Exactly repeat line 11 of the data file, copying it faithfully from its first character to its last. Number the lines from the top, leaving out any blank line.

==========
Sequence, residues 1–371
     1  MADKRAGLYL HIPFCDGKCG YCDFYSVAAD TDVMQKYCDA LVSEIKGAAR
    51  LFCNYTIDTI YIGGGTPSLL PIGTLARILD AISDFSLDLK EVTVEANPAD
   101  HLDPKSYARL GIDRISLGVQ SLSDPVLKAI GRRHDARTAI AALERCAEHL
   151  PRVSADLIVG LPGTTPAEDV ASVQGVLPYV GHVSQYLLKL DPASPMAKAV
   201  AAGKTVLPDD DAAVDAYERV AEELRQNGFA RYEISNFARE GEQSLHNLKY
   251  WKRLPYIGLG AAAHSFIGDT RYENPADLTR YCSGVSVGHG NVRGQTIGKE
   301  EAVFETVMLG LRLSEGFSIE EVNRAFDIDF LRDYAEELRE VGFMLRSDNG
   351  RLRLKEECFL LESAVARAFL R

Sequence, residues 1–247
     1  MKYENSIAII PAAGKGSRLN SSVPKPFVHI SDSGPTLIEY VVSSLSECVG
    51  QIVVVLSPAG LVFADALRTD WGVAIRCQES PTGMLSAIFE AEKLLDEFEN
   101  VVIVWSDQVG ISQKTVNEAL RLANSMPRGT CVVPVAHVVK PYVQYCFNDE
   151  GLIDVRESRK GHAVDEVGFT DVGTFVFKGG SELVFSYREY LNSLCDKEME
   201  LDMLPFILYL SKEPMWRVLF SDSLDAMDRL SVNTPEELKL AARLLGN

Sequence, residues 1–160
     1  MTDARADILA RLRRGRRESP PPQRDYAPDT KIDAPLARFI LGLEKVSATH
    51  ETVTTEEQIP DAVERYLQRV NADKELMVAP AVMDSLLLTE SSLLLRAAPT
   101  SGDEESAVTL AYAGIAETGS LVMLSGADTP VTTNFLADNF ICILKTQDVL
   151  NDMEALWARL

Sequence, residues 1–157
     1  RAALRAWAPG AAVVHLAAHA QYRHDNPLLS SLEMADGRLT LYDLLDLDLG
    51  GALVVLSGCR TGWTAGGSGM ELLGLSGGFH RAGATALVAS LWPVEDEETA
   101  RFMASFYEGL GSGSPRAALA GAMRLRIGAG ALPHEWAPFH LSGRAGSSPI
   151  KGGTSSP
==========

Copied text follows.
     1  MKYENSIAII PAAGKGSRLN SSVPKPFVHI SDSGPTLIEY VVSSLSECVG